Peavey Classic 30 repair –

Peavey Classic 30 repair

This Peavey Classic 30 repair was a bit of a nightmare!

It arrived with a fairly basic problem – the amp wouldn’t turn on. This was down to a loose screw. It held the mains fuse holder internally. When this came loose, the fuse holder was dangling in mid air and shorted mains directly to the metal case of the unit, which caused the fuse to blow – which is a good thing!

I spent an hour on it – tested all the valves and checked the plate and other power supply chain elements – all the preamp valves are good, but the inner power amp valves no longer match so I changed these. There was no means of adjusting the bias so it’s a question of juggling valves until I find a set of EL84s that properly bias.

I then soak tested the amp. This involves running the amp at gigging voltages with a pink noise signal for a couple of hours. I do this to check that there aren’t any problems with the amp that only appear after a longer period.

In this case, the amp started making a crackling noise after the two hour soak. This turned out to have a twofold cause – there was a leaking cap in the tone stack and the HT electrolytics (IC brand) were also worn.

Unfortunately the design of these early peavey Classic 30 amps uses single wire links between the boards. It’s a nightmare to disassemble and these little wire links are a common cause of failure. This slowed down the diagnostic quite severely

If you need a peavey classic 30 repair, please do contact me.

Hughes and Kettner Tubemeister repair

I’ve wanted to do a tubemeister repair since they first came out a few years back. I guess it’s a testament to general quality that this is the first to appear on the bench. I’m a big fan of the design aesthetic. 3 channels and a midi switching amp for £550ish is a lot of bang for your buck.

However, the owner was more worried about a different kind of bang – and a flash behind V1 when he flicked the standby switch. Afterwards the amp wasn’t making any sound at all.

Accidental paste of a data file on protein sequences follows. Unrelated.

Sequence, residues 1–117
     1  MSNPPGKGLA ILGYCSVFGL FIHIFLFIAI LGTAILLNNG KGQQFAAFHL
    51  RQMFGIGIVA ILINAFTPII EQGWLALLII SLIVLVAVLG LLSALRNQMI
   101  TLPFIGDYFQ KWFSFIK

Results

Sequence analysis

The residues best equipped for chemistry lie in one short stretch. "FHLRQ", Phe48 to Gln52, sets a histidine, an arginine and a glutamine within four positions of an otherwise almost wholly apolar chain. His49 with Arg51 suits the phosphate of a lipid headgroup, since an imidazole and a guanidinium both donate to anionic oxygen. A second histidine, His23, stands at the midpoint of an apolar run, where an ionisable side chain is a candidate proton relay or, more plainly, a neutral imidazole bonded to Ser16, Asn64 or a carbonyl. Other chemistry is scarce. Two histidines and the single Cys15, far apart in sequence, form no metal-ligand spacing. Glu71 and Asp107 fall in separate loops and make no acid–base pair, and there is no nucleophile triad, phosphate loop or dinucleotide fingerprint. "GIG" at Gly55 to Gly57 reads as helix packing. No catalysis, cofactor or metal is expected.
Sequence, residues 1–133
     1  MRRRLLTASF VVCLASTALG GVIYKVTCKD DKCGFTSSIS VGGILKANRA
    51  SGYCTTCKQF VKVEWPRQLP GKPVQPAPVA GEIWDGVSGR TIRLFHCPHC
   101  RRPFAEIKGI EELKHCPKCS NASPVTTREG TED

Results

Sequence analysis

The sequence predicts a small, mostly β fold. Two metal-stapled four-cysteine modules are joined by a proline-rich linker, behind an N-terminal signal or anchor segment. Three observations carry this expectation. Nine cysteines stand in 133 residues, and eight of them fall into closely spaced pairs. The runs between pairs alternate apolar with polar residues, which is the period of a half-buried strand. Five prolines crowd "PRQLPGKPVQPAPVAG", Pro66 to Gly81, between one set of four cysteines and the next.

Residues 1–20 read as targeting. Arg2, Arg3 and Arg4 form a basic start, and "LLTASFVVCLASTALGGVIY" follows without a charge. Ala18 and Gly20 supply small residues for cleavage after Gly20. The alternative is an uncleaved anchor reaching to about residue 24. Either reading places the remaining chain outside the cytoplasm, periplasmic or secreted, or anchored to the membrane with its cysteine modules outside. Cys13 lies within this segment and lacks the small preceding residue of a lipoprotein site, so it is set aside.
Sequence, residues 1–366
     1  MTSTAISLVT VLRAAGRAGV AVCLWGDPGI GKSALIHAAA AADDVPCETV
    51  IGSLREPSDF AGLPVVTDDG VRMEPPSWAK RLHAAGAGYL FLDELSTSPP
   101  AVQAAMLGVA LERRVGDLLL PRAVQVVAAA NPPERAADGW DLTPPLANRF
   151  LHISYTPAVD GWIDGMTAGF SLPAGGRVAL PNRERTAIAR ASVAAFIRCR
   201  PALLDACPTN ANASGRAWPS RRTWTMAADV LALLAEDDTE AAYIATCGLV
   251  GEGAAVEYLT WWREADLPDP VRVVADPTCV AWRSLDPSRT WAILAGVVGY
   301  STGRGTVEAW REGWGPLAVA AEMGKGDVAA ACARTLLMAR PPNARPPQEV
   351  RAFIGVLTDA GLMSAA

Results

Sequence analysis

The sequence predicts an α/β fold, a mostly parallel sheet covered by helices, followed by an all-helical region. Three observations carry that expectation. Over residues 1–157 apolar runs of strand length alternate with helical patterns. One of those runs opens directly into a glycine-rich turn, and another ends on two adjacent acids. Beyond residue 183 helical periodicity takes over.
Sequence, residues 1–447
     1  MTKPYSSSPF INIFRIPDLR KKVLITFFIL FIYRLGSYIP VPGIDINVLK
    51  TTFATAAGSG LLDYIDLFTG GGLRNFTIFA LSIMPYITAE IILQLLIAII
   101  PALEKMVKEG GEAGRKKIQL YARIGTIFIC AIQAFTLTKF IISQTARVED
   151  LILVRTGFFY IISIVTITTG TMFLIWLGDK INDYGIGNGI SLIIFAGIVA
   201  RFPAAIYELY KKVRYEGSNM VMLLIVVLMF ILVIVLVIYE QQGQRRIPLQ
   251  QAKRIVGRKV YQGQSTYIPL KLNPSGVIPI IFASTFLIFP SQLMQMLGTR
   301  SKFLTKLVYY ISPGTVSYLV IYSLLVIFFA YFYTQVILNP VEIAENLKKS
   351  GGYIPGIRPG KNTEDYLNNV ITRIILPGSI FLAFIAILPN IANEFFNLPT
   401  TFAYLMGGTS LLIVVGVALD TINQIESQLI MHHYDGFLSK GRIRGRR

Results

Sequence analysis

Hughes and Kettner service manuals are easily the most detailed of any of the modern manufacturers I’ve seen (honourable mention goes to Roland/Boss) but this wasn’t needed to disassemble the chassis and get back to the PCB. The chassis is all metal which reduces weight and size. There’s a bent metal lid, removable end pieces and a separate metal base.

Hughes and Kettner have a power tube management system called TSC. This checks tube balance and bias. Orange amps have a similar system (see orange amp repair). The Hughes and Kettner TSC can occasionally fail and show up an error code on the TSC lights. The parts must then be replaced with these parts. But that wasn’t necessary here.

I discovered that the HT fuse had blown, which accounts for the bang the player heard. The valves all tested good, but since the TSC turns on the power tubes using a FET in the cathode I strongly suspected the power valves. After replacing the valves and the fuse the amp came back to life!

If you have Hughes and Kettner tubemeister repair, please just drop me a message and I’ll get you up and running again.

Peavey Valve King Repair – VK100

Peavey Valve King Repair

My customer brought this Peavey Valve King repair in to me before Christmas  to get an opinion on its state of repair. The amp was blowing fuses.

The Valve King VK100 is a monster of an amp. Not fire breathing levels of gain like some Peaveys but a big and heavy brute with a classic sound.

I determined within the first hour that the fuses were blown due to a failure of the DC heater circuit. DC heaters are used to reduce the hum in high gain amps. Unfortunately the internal fuse was a soldered-in part, so I made temporary fix (pictured) to test my theory and quote for the customer, before fully disassembling the amp and replacing the part properly when the quote was accepted.Valve amp blowing fuses

Whilst fixing the heater circuit I noticed that the area of the circuit board that I was working on had been repaired previously. Unfortunately they hadn’t told him what they’d done.

After fixing the DC heaters, I tested the units full output power. It’s a 100W amp, but was only putting out about 15W. More work to do! After a bit of further investigation, the amp output 87W. Not full 100W, but within the margins of dodgy advertising!
The amp needed a couple of valve changes and a couple hours work but the owner was pleased with the result.
 Peavey Valve King Repair 2